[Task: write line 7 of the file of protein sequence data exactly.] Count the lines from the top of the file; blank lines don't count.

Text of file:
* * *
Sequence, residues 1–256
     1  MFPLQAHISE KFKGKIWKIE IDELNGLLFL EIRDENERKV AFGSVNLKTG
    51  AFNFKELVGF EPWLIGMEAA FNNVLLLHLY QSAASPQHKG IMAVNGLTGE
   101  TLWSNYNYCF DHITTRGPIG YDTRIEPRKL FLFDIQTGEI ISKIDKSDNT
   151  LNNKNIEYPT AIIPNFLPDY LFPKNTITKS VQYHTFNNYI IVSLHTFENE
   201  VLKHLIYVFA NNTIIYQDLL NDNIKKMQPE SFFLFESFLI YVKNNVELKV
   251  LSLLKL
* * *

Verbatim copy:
   251  LSLLKL